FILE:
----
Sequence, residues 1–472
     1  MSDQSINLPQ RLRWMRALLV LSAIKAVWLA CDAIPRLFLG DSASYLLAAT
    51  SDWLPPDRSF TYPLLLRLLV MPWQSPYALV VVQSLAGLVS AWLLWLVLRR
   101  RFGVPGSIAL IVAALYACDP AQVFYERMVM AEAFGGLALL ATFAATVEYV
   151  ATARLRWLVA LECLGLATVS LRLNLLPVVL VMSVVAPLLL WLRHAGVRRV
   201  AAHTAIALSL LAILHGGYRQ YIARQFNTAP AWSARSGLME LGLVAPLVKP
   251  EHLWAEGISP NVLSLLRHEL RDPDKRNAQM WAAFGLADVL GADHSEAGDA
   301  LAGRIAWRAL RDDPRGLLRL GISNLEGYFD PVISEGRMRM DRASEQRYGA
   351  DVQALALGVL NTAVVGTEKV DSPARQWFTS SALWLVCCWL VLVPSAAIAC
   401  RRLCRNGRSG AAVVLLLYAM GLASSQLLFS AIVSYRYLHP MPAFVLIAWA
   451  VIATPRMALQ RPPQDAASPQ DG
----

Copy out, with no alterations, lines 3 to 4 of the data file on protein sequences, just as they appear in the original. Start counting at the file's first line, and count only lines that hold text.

    51  SDWLPPDRSF TYPLLLRLLV MPWQSPYALV VVQSLAGLVS AWLLWLVLRR
   101  RFGVPGSIAL IVAALYACDP AQVFYERMVM AEAFGGLALL ATFAATVEYV